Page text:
It's hard to appreciate the onset of Spring without considering the glorious bounty of new produce options at the farmers market. This week, I was enraptured by the spring onions.
Don't confuse a spring onion with its close counterpart, the long, thin scallion (or green onion). Spring onions are more petite than leeks, and look different from scallions because they will bulge near the root: they are simply young onions that have been pulled before they develop into conventional onions. These seasonal vegetables are milder than regular onions yet zippier and sweeter than green onions. Learn how to pick and enjoy them when you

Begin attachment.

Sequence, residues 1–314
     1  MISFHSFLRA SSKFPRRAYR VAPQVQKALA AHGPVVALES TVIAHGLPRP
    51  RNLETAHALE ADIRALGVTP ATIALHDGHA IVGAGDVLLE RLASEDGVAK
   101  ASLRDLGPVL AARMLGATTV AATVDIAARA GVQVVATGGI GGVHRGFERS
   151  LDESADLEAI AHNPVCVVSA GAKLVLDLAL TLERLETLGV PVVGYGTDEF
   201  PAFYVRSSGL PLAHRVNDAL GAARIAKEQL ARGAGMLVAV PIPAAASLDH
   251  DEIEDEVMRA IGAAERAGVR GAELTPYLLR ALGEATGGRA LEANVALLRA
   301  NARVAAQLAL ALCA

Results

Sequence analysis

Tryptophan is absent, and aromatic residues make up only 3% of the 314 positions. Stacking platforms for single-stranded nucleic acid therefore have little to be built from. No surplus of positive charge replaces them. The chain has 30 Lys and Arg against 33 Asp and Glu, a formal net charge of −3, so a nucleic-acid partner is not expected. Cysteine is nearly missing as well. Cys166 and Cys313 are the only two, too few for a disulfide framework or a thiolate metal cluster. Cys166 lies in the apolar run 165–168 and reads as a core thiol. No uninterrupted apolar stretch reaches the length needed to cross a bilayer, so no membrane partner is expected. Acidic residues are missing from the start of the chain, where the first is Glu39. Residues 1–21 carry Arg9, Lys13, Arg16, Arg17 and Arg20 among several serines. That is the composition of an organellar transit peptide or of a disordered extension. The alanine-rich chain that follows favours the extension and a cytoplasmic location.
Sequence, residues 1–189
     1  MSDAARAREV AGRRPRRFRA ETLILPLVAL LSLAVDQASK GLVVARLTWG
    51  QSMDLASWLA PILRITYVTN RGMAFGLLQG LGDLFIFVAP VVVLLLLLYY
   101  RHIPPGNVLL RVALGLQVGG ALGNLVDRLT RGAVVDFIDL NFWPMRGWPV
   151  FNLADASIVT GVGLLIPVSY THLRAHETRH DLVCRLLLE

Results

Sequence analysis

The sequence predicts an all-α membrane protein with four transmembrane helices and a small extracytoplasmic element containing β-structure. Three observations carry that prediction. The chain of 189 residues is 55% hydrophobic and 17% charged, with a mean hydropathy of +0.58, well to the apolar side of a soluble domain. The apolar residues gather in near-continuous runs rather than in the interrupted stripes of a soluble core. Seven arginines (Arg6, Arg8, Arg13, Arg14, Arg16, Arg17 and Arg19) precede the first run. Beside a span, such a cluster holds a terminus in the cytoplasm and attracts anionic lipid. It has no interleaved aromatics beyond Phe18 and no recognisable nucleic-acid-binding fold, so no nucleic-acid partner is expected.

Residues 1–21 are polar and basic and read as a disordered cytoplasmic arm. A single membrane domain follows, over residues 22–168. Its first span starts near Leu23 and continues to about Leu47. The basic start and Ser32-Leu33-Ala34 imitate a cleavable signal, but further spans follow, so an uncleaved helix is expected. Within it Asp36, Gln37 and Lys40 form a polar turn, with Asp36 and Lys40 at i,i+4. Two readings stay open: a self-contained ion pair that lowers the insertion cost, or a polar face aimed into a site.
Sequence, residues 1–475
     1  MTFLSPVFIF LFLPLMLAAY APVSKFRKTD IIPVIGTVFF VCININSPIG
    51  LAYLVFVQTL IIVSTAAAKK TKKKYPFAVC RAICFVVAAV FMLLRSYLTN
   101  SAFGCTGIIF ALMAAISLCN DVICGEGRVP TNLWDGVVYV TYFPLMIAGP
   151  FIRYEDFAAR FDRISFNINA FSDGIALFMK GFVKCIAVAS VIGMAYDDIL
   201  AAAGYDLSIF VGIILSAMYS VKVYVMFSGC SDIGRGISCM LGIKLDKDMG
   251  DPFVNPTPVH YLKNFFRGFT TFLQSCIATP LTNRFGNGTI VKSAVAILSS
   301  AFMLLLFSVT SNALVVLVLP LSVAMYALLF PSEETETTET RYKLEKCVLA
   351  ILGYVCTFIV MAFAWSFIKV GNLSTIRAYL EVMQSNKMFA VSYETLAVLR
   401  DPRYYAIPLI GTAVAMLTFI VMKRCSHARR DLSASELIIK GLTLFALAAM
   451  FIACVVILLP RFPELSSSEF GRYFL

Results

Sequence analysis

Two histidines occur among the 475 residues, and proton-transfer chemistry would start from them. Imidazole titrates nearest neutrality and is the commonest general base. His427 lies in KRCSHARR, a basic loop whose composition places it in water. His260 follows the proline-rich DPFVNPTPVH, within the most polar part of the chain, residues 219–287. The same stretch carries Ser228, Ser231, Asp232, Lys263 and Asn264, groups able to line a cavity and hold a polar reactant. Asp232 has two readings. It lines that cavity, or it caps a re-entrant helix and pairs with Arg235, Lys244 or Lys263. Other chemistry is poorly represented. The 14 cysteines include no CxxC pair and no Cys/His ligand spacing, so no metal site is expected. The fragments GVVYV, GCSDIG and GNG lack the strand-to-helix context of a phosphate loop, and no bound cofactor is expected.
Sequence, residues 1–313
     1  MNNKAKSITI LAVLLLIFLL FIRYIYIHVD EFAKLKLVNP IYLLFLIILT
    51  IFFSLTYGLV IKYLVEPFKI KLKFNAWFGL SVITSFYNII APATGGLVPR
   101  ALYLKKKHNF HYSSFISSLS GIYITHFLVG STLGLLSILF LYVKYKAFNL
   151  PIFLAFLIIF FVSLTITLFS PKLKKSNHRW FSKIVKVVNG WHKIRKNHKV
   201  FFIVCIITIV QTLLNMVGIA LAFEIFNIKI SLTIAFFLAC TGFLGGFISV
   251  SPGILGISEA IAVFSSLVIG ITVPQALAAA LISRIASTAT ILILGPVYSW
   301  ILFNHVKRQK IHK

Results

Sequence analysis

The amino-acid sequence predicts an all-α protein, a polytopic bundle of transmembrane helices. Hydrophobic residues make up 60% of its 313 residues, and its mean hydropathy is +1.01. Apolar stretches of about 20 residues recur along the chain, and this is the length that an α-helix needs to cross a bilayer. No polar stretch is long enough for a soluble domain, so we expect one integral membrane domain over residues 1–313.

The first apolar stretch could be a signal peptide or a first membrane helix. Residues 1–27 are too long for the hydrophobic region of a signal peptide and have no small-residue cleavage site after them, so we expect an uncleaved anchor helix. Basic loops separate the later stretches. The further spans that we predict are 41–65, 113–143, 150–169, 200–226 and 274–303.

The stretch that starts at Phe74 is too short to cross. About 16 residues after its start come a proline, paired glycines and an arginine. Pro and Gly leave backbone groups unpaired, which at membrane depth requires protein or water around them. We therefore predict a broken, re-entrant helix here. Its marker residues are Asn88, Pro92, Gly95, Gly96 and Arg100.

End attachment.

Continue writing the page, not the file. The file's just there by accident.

Select bunches of spring onions that have perky leaves, a vivid green color, and a firm bulb that may be either white or purple (there is little difference in flavor between the two). They will store in a perforated bag in the refrigerator for several days. They don't last as long as regular onions and, like scallions, will turn slimy. To prepare, soak and wash thoroughly of all dirt and sand, and trim off the roots; cut off the top of the greens, and slice the bulb into rounds.
Because of their mild flavor, spring onions taste great in raw salads; they can also be grilled, roasted, or stir-fried. Use them in place of onions or scallions in a dish, or consider one of these ideas:
- Glaze onions in a sauté pan and serve as an agro-dolce appetizer.
- Reserve the tougher green tops for use in vegetable or chicken stock.
- Stir into mashed potatoes to make the classic Irish dish, champ.
- Caramelize and purée them in a creamy bisque.
What do you think of spring onions, and what are your favorite ways to enjoy them?